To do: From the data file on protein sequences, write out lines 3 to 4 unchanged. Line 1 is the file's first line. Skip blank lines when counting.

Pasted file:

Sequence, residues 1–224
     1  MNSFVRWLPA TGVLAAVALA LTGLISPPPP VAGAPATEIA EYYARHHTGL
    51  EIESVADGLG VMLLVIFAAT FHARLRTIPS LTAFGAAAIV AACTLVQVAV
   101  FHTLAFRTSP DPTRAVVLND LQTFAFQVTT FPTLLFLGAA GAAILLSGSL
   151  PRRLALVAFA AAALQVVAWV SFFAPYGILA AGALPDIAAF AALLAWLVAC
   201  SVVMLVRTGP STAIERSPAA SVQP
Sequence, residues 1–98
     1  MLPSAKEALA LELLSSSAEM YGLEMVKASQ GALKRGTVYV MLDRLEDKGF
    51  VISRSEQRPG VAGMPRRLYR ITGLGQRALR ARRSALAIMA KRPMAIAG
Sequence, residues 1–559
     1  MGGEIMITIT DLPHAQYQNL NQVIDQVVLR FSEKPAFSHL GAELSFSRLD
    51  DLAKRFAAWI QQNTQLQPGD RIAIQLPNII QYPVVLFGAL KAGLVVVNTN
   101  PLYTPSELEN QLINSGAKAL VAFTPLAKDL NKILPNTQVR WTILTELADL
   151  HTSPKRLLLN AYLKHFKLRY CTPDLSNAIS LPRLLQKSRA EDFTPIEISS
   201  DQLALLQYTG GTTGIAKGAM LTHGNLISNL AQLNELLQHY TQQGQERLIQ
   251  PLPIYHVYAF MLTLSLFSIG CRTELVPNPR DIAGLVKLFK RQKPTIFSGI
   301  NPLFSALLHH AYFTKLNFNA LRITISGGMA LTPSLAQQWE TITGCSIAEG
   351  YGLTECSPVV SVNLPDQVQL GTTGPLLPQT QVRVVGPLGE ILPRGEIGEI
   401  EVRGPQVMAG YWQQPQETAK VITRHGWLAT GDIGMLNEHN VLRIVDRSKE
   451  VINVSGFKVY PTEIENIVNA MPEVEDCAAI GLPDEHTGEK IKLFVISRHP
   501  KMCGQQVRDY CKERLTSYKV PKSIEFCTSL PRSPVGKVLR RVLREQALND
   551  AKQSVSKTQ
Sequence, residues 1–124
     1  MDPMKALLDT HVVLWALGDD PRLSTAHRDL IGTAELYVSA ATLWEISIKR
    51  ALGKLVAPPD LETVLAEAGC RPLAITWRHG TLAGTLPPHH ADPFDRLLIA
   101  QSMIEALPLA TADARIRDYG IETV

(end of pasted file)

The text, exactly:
    51  EIESVADGLG VMLLVIFAAT FHARLRTIPS LTAFGAAAIV AACTLVQVAV
   101  FHTLAFRTSP DPTRAVVLND LQTFAFQVTT FPTLLFLGAA GAAILLSGSL